In one of the sweetest love songs by Tony Bennett, he describes what being loved felt like, without using a single adjective. He merely transports us to a specific time and place of love, and, somehow, it is enough: We all get it!
When Joanna loved me Every town was Paris Every day was Sunday Every month was May
Indeed, I have special feelings for the most beautiful and most romantic city of Paris, for family Sundays, and for the merry month of May.
If I had a choice, I’d have wanted to be born in May; for one thing its birthstone, the precious emerald, is certainly classier than February’s amethyst.
But I was conceived in May, the next best thing, I suppose. My parents’ wedding anniversary is May 15, and I was born nine months later. As it happens, my birth month is crowded with family birthdays—mom’s, Vergel’s and that of my first son Rob—which only means not a few of us were conceived in May.
May is best known as the month of Mother Mary and the daily recitation of the rosary, as she requested of the world in several apparitions in Fatima to the children Lucia and her cousins Jacinta and Francisco. The feast of our Lady of Fatima is on the 13th. The novenas have in fact begun. A long time ago, I was in Fatima with mom, and I remember how it struck me that the shrine was not as popular, the pilgrims nothing comparable with the number in Lourdes, but just as well: It felt more solemn and prayerful.
Memories full of mom
It seems all my memories of family lunches on Sundays, my first trip to Paris, and the month of May are full of my mom. In my late teens I traveled with her extensively through Europe. We joined a few pilgrimages to Rome, Lourdes and Fatima. From each trip I took home with me all sorts of memories—among these, my first Balenciaga fashion show, where my generous mom got me one of the dresses modeled on the ramp, and my first full-length opera in Vienna, “La Sonnambula.”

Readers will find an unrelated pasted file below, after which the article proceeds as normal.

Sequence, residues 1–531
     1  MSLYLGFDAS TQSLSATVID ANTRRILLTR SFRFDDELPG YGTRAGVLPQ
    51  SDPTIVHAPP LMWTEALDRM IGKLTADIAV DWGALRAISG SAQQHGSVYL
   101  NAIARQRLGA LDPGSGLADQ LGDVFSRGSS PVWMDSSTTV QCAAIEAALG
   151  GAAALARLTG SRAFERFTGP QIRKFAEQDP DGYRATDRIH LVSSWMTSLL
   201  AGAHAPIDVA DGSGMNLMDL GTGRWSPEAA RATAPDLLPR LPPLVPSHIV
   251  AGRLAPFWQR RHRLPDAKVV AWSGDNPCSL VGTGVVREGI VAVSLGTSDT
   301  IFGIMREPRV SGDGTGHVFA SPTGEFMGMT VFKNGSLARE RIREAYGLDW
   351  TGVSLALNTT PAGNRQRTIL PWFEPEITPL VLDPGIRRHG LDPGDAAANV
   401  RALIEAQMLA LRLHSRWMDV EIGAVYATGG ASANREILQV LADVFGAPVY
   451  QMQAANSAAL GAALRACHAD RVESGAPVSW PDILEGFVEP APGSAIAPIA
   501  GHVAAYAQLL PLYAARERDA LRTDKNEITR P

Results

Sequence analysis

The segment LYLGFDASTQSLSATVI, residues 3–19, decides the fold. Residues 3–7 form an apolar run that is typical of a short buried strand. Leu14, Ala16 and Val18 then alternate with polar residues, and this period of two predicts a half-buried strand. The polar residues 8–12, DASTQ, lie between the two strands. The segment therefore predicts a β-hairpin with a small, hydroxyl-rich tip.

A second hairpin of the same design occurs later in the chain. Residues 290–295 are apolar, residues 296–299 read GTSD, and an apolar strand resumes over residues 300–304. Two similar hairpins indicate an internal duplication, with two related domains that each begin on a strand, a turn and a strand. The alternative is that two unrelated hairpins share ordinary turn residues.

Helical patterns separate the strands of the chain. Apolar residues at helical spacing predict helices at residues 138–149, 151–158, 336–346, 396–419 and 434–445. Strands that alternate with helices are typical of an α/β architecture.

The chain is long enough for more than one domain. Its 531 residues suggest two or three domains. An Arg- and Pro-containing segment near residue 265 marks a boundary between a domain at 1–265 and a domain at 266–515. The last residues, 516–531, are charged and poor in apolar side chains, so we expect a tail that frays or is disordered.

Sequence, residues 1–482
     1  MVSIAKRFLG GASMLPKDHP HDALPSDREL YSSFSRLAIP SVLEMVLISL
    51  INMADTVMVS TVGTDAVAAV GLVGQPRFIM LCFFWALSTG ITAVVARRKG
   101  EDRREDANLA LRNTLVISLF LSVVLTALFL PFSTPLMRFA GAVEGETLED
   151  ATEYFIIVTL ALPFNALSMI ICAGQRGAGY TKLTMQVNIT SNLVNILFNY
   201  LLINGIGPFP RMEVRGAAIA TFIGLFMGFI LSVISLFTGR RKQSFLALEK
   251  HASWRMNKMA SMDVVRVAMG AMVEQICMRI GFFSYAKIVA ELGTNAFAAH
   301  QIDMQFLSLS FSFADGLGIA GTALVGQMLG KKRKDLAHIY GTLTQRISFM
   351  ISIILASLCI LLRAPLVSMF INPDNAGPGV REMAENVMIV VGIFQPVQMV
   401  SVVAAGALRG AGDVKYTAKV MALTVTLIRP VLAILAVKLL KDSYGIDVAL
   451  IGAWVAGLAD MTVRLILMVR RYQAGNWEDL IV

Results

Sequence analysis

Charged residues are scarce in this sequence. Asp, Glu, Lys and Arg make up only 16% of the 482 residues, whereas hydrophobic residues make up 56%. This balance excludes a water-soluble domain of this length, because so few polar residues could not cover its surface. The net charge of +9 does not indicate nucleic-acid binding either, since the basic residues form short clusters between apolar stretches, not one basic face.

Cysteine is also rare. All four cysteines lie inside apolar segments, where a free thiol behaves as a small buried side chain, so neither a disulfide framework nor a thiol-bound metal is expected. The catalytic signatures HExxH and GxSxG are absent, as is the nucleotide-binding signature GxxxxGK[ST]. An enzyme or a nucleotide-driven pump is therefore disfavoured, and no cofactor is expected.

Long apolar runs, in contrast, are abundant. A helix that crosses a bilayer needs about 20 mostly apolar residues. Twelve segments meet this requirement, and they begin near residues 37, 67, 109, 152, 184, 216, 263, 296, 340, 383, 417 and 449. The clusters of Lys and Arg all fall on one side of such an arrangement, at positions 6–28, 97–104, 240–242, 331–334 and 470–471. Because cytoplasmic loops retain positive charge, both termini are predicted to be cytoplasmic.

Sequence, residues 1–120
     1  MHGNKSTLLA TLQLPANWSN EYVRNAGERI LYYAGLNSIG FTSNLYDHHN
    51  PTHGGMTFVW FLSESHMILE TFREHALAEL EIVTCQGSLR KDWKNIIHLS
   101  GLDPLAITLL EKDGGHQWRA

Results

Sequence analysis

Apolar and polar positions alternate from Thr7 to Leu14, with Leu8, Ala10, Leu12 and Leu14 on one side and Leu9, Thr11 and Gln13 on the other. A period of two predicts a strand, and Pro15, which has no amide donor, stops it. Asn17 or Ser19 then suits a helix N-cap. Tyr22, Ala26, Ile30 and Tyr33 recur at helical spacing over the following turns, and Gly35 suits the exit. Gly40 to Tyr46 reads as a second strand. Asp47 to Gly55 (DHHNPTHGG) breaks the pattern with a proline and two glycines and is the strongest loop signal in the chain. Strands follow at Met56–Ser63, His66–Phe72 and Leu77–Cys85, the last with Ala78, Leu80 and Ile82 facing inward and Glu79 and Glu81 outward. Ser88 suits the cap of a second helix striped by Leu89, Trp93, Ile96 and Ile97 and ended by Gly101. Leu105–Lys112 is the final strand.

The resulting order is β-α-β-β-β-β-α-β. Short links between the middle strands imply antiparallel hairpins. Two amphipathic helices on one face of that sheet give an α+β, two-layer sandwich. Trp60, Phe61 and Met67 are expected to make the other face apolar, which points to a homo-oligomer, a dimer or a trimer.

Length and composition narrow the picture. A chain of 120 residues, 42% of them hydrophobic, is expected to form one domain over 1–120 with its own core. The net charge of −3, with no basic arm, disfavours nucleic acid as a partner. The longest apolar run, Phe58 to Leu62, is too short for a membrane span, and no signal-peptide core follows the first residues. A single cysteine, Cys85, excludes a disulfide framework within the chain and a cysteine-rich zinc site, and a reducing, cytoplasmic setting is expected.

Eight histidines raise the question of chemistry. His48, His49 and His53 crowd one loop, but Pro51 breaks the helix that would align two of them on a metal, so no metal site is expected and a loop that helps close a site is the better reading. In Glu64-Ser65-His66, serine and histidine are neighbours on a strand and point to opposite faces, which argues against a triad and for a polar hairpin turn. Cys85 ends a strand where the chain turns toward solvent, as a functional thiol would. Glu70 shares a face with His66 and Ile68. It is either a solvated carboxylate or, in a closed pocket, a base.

After my studies in Spain, on my last year in college at St. Theresa’s, I spent a memorable Holy Week, again with mom, in Sevilla. There I watched in awe the processions and other religious rituals of the region—and also my first bullfight.
I remember most the float of la Virgen de los gitanos; it took my breath away. She was covered from head to toe in fresh flowers as was her carriage. It was she who received the most piropos, sung in gypsy Andaluz style from balconies along the street. Her carriage stopped several times as the gypsy chanting began, and did a forward and backward movement as a sign of appreciation at the end of each chanting before moving on.
Around the late ’50s, there were comparable Flores de Mayo processions in our Lady’s honor, simpler, with every girl participant given equal billing, not like the Santacruzan, which had a main attraction, the Sta. Elena.
Hermanas mayores from provincial towns like Pasig, Biñan, Parañaque, etc., would invite young girls from Manila to participate in the grand but solemn processions. We girls paraded unranked and without escorts. We each carried a fresh bouquet and walked under an arc, borne, lit up and decorated with more flowers, through major streets and around the Cathedral before entering it. As the saying goes, no matter how long processions are, they all end inside the church.
The stellar moment for each of us came when, one by one, we walked forward and knelt to lay our bouquets at the foot of the Virgin’s image at the main altar. I never felt prettier wearing mom’s terno. That was, of course, before some people took over the tradition and made it a fashion extravaganza.
If I loved being a mom, I love as much being mamita to my five grandchildren. With no mom now, I guess that puts me in the front lines, too, something I need to get used to yet.
As it happens, Mother’s Day is aptly celebrated in May, too. The last time I visited mom and dad’s nicho was on my 80th birthday, three months ago. By now she needs a change of flowers, and, with the lockdown, I don’t know when I can go again. This pandemic has stripped life and death of all its rituals and sentimentality, and has denied us the comforting presence of family and friends when we need it most.
Death is never more lonely than in this pandemic. But it’s in this time of strange endings and uncertain beginnings that I hold on to my faith in life everlasting and find consolation in not being able to visit mom, as hopefully so for all those who have lost loved ones now or at any time, in Elizabeth Frye’s poem:
Do not stand at my grave and weep, I am not there, I do not sleep. I am in a thousand winds that blow, I am the softly falling snow I am the gentle showers of rain I am in the fields of ripening grain. I am in the morning hush I am in the graceful rush Of beautiful birds in circling flight. I am the star shine of the night. I am in the flowers that bloom, I am in a quiet room. I am the birds that sing. I am in each lovely thing. Do not stand at my grave and cry, I am not there. I do not die.